Merchant Of Venice Essays: Shylock Villain Or Victim

1179 Words 5 Pages
Shylock Villain or Victim In the Shakespeare comedy The Merchant of Venice we find a Jewish money lender, Shylock, a victim of anti-seminism, cursed as he tries to make his way into a Christian society. It is not long before Shylock is presented with an opportunity to extract revenge on one of his oppressors a Christian merchant Antonio, who is in need of the Shylocks services. Antonio needs three-thousand ducats to send his good friend Bassanio on a romantic journey. In turn Shylock wants a “pound of flesh” bond from Antonio for his services (cite). This opens the door for Shylock’s revenge without mercy against his oppressor if the debt is not paid within ninety days; Shylock is to have his “pound of flesh” and Antonio’s life. We find …show more content…
Now Shylock has found a direct line to his revenge and collection of his bond. Bassanio also received word that his dear friend was going to be unable to repay the debt, which Antonio bonded his self to for, Bassanio. At the same time Jessica comes forward with news that her father would much enjoy collecting the bond, as opposed to the collection of the ducats. Bassanio becomes distraught, Portia, inquires what her husband is in such distress over. When she gets to the root she, offers up the ducats to save …show more content…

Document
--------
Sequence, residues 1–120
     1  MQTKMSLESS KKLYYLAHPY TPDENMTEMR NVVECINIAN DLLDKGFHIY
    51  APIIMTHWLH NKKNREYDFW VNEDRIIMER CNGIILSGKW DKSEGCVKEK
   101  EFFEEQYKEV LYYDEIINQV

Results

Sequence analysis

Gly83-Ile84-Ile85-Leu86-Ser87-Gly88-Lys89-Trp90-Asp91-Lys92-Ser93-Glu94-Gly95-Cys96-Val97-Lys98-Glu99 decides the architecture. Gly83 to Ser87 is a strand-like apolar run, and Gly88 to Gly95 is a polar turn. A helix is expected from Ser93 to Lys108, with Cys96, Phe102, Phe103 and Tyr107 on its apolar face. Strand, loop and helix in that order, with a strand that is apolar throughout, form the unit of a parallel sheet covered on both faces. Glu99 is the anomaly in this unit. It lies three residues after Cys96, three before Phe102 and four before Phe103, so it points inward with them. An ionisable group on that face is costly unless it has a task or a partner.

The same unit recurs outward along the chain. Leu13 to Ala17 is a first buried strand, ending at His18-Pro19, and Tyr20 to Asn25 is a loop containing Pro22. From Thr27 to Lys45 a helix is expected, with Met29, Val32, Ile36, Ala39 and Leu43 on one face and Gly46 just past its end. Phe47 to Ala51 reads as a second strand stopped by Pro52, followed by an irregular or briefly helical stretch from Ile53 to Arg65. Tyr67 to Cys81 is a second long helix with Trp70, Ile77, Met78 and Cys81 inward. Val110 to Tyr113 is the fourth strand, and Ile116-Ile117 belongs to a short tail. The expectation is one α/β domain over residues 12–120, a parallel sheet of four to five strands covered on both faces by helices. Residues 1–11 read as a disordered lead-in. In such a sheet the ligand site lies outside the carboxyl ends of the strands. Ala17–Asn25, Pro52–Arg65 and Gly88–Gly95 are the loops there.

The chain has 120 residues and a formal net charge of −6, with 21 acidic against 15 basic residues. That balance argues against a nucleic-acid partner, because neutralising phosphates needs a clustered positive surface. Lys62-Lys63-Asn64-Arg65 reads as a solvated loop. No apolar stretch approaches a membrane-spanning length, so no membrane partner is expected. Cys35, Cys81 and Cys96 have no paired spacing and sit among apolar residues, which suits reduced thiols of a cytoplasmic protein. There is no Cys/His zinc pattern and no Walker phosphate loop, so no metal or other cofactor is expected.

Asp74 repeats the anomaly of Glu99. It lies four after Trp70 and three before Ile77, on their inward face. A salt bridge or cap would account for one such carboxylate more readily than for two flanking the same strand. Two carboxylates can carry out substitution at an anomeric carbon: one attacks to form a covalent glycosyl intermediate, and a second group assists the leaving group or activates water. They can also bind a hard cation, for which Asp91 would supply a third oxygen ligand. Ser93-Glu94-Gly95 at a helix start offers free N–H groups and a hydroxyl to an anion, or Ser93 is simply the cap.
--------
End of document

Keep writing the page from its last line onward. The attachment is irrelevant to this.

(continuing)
Shylock will have none of it, demanding his pound of flesh at the trial. As the trial gets underway Bassanio appears with twice the amount of ducats due and pleas for Shylocks mercy. Shylock calloused from Christian treatment will not be swayed from his bond. As he prepares to extract his revenge he is informed by a doctor in charge of the trial, which is later found to be, Portia the fare-lady of Bassanio dressed in men’s clothing. Portia as the Doctor says “This bond doth give thee here no jot of blood; The words expressly are “a pound of flesh” (line 305), then she states to Shylock: “Shed thou no blood, nor cut thou less nor more But just a pound of flesh”, ending with “thou diest, and all goods are confiscated” (line 325), with this all said quickly Shylock tries to recant to collect the six-thousand ducats. Making him appear as greedy as his is portrayed, vengeful and merciless. Portia then points out that under the same laws that Shylock is to forfeit half his house and belongings to Antonio and the other half to the state. While placing him at the mercy of the duke who overseen the trial. Who also strips Shylock of his Jewish faith, forcing him to become a Christian. Entering this reading of Shakespeare’s Merchant of Venice, as bias reader one might profess that this is a compliment to horrendous discrimination on the Jewish

Related Documents